Skunks are important to the balance of nature. Skunks are a member of the weasel family and have pointed noses and short legs, which make them waddle when they walk.
Skunks eat all rodents; black widow spiders, rattlesnakes, scorpions; and garden pests such as snails, crickets, gophers, grubs; cockroaches and pretty much all other insects. Skunks have strong feet with long nails that are useful in the search for grubs and insects. They will dig under sheds, porches and crawlspaces to create a den or use a woodpile. The female will have around five babies (kits) in a litter. Since they are nocturnal, skunks are rarely seen but often smelled during the warmer weather when they are out foraging for food. Many times dogs will challenge skunks and get sprayed. Skunks can spray accurately up to 15 feet but will give plenty of warning to stay away by fluffing its fur and stamping the ground along with growling.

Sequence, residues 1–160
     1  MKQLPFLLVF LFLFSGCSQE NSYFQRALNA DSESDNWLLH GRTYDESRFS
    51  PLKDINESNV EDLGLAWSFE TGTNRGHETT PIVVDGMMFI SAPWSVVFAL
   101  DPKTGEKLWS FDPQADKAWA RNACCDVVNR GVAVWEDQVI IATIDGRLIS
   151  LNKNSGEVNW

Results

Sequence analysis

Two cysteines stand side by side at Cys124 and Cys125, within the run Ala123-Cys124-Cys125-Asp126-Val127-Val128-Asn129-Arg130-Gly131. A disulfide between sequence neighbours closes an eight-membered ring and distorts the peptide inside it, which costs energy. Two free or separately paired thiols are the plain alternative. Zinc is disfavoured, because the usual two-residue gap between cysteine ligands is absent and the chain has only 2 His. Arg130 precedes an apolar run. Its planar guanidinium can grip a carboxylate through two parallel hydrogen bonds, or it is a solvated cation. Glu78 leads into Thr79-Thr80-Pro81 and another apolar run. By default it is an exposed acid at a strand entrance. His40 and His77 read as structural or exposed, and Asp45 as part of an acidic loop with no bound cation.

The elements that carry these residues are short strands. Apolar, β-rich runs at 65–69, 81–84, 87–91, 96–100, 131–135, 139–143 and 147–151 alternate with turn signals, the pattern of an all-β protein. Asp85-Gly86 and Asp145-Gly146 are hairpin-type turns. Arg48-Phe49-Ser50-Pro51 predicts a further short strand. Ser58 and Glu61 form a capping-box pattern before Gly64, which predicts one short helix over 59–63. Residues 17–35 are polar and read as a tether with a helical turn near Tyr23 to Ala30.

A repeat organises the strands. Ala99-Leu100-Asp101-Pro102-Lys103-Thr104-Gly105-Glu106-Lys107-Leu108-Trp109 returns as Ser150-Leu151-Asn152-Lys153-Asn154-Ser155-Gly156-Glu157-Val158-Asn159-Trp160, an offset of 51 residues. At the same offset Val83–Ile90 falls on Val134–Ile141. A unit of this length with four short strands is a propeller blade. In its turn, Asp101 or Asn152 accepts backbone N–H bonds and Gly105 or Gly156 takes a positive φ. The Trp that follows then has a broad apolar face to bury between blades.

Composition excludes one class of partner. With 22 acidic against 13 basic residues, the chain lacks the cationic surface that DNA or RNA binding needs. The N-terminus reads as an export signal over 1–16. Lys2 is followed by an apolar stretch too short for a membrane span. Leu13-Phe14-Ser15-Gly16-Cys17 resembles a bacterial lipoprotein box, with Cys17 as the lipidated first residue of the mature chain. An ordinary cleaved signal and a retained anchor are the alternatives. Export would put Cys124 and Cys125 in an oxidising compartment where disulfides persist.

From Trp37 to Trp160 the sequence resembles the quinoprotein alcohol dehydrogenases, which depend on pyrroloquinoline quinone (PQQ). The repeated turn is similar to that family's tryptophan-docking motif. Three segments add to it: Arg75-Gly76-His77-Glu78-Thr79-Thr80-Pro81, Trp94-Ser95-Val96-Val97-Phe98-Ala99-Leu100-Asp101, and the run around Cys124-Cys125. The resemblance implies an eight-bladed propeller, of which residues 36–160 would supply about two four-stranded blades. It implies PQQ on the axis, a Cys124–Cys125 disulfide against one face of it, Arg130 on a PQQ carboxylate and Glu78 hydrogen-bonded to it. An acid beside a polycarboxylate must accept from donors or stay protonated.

When skunks are making repeated visits to your property it is usually due to a food source close by. Bird feeders, grubs and trash draw skunks and allow them to associate your property with food. Skunks love pet food and it is often used when our wildlife control specialist traps for skunks so you should never leave pet food outdoors.
Are you beeing bugged? Contact us at FORDSHOMETOWN.COM
Geoffrey Ford, Vice President
Ford’s Hometown Services